Funny, but we were talking about adolescent angst in here just the other day re Superbad. In The Thief of Bagdad Sabu explicitly rejects puberty. He defeats the evil Connie Veidt and helps John Justin’s handsome Prince win the beautiful June Duprez. But that’s that for him. He wants adventure and excitement, and he won’t have it if he stays put in the Palace. So off he goes on his magic carpet — a true hero for all-time.

    The Thief of Bagdad had so many directors because it was a production on the run. London was being bombed , so Korda decamped to Los Angeles — with Rex Ingram’s genie appearing before Sabu’s astonished eyes on the beach in Santa Monica where years later Chris would meet Don.

    But that’s another story. In this one Hitler is vanquished by two children

    – Anne Frank and Sabu.

  3. I think the ending of The Thief fairly explicitly connects Sabu’s character to Peter Pan, rejecting civilsation and maturity in favour of eternal childhood adventure. (And I’m fairly sure JM Barrie describes PP as “dark”).

  4. Ah but he’s a Peter without a Wendy or a “Lost Boys.” In that he’s closer to Huck Finn (but without a Jim.)

    But for me the impact of the film as a whole is an explicitly (even to a large degree militantly) anti-fascist work. It was made for the children who were being displaced and orphaned by the Third Reich, even as the cameras were rolling.

  5. Well it certainly makes sense of Conrad Veidt’s casting, not that one needs any excuse to cast him. It wears its propoganda intent very lightly, which is to its credit.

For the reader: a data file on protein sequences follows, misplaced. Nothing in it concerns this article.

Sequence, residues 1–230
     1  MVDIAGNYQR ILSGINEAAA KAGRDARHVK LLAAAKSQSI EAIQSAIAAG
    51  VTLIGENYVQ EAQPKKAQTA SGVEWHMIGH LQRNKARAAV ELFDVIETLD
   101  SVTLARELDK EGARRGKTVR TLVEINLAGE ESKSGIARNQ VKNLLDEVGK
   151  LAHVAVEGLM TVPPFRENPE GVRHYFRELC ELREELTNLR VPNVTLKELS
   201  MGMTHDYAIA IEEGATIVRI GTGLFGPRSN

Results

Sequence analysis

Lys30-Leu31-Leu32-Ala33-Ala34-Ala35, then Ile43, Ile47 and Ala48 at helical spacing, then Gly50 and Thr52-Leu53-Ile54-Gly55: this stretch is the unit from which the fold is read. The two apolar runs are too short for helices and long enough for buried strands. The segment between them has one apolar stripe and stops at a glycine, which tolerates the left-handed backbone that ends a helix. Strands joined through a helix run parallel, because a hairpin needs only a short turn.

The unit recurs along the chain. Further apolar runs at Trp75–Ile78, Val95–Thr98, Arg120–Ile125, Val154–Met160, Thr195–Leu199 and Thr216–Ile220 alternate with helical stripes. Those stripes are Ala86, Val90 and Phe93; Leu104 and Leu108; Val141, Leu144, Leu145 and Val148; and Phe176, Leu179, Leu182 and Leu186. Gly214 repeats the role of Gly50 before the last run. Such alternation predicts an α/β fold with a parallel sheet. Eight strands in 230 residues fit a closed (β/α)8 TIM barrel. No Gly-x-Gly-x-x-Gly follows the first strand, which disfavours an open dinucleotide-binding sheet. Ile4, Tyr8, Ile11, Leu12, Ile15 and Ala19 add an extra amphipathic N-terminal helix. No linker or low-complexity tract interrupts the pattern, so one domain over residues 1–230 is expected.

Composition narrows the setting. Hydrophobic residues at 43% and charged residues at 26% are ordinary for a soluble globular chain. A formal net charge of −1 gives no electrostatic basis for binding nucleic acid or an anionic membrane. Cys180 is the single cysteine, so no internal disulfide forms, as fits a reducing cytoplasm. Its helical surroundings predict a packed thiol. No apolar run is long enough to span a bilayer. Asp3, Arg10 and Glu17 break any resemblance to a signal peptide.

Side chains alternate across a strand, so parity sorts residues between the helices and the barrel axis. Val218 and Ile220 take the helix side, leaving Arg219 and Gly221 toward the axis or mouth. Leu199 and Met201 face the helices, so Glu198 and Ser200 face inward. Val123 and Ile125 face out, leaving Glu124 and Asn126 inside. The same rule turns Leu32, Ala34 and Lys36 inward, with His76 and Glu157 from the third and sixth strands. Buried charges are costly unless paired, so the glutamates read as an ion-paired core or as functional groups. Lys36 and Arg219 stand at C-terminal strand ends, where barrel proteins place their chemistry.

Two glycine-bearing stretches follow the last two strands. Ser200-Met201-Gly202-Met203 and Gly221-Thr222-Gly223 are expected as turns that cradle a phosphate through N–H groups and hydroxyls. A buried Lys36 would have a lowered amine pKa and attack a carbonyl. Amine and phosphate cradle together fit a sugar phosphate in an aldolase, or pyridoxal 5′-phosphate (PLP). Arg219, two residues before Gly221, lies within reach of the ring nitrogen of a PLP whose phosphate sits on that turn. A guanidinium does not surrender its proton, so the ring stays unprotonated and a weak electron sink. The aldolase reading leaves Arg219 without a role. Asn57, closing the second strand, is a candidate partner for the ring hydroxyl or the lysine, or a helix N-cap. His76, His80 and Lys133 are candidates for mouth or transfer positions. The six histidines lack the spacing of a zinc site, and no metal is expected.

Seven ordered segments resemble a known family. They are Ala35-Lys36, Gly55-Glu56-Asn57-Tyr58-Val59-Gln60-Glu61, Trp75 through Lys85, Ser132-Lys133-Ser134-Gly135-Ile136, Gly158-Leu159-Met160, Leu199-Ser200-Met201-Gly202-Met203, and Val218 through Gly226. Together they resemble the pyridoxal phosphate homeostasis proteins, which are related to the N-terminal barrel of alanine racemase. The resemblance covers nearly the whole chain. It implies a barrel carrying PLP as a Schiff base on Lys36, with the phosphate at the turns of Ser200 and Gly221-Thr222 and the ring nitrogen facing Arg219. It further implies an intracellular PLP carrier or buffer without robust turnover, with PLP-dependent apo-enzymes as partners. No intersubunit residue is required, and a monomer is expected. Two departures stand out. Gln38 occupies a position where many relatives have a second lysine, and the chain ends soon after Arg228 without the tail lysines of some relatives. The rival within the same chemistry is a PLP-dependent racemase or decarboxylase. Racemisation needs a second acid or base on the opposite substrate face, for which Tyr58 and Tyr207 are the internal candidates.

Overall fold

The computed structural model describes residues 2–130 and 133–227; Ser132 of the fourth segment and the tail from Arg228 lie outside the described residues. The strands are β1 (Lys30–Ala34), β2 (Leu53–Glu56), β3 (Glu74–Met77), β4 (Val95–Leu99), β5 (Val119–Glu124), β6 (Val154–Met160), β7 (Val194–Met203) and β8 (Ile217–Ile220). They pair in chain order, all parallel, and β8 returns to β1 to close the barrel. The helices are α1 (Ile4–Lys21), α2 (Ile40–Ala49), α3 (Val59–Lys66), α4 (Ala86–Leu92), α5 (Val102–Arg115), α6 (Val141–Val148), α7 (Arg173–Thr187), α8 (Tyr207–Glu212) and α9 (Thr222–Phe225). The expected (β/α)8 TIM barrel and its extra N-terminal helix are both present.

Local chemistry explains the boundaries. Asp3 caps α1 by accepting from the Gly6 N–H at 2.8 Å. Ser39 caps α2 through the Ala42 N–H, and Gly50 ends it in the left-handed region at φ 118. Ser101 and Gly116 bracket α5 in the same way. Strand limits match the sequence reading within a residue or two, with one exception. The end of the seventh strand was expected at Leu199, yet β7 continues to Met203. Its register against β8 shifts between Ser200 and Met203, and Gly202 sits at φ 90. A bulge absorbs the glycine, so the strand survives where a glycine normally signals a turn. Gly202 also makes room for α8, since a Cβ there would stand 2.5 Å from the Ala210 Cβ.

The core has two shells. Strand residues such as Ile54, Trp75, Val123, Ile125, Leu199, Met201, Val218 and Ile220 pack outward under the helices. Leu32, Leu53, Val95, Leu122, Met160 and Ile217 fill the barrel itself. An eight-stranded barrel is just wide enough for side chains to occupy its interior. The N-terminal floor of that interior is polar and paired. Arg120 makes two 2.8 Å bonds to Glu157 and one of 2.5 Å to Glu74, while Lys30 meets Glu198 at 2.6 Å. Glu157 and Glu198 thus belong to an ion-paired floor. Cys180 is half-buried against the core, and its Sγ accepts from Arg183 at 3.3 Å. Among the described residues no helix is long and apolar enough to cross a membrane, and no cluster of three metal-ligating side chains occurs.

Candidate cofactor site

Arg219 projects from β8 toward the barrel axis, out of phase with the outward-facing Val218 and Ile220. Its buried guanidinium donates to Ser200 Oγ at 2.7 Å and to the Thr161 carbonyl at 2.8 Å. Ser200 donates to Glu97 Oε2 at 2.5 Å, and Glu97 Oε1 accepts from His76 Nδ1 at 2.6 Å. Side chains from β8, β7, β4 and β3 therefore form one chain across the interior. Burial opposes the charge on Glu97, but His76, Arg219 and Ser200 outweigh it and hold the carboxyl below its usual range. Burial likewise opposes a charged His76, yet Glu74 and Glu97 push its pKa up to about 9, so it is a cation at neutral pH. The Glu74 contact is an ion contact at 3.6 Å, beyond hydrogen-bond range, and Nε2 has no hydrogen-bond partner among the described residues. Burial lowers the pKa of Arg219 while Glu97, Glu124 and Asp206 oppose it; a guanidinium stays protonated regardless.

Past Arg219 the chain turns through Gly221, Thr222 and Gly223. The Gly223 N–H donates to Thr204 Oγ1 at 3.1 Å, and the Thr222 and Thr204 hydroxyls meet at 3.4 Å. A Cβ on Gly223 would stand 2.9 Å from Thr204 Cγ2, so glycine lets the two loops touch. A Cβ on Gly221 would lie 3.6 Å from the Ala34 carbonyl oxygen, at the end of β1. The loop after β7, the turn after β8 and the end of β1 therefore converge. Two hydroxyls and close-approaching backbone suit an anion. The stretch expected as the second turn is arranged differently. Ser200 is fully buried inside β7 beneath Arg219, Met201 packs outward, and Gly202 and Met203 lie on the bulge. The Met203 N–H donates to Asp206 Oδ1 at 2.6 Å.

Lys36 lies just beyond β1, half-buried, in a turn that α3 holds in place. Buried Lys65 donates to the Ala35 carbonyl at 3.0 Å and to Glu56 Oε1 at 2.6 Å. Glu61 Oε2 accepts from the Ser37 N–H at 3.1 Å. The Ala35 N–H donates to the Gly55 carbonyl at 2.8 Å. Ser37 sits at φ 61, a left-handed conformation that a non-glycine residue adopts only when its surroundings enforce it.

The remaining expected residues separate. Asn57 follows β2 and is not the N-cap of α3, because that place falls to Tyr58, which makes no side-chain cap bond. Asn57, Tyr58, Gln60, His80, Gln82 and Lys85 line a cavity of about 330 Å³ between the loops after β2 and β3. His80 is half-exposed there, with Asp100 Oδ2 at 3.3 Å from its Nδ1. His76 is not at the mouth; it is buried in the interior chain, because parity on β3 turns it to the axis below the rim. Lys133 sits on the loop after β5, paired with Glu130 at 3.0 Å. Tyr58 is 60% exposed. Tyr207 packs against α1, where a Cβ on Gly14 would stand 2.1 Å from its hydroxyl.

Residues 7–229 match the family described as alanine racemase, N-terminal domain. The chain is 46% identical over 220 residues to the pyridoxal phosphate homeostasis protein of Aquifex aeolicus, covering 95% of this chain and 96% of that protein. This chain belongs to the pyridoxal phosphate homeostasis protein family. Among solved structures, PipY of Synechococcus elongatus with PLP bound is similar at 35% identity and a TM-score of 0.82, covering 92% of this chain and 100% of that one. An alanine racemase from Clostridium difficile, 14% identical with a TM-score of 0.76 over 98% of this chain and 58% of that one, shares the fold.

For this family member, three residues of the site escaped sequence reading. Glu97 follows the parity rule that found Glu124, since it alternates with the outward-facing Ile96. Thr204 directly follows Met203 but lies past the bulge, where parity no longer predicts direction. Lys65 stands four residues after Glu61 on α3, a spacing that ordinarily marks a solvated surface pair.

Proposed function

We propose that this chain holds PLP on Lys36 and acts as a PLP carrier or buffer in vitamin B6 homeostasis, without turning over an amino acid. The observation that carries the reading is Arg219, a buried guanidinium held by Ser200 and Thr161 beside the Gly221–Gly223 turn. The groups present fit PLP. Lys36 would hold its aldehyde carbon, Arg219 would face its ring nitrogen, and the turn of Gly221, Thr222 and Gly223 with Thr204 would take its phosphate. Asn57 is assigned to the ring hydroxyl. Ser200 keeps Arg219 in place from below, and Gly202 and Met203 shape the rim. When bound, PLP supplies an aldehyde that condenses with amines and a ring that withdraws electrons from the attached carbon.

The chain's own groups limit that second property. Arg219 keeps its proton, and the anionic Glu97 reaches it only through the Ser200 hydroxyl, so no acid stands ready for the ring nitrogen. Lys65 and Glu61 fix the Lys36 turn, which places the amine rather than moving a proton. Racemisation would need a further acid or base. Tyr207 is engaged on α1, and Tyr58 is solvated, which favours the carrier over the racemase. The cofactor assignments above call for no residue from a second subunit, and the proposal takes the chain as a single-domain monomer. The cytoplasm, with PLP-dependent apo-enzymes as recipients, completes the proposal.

Now, has anyone ever published a breakdown of which director shot what?

  6. Powell lays claim to ordering the giant eye painted on the ship’s prow and much of the genie scenes. I believe Ludwig Berger presided over the mechanical doll. As for everything else it’s hard to say. Yet for a dish with so many cooks it’s surprisingly consistent and tasty — unlike say Casino Royale (1967)

  7. For sure. I guess a sharp script and a producer with vision helps!

    Speaking of multi-authored films, looks like I’m finally getting my hands on the Ferrer/Heisler/Ophuls/Sturges Howard Hughes production Vendetta… watch this space.

  8. Lawrie washed Jean Simmons’ body makeup off?

  9. Yes. The job of assistant director has many perks!

    I think I mentioned this in my earlier Jean Simmons post, inspired by a viewing of the excellent and almost-unknown Uncle Silas.

  10. Thanks to your excellent tagging system, I just looked it up. But how did such a thing happen? Even assuming Jean couldn’t wash herself, wouldn’t a production send a woman crew member to do the job? Or is the U.K. more sexually open than we Americans can possibly suspect?

  11. I think Lawrie got the job unofficially, by private arrangement with Jean, though I’m not sure. After all, he was a young man, just out of the air force, Jean was 17 or so, and not yet a massive star, and I guess he already met her on Caesar and Cleopatra, the first film he worked on.

    You’re right, Rank wouldn’t assign this job to a man!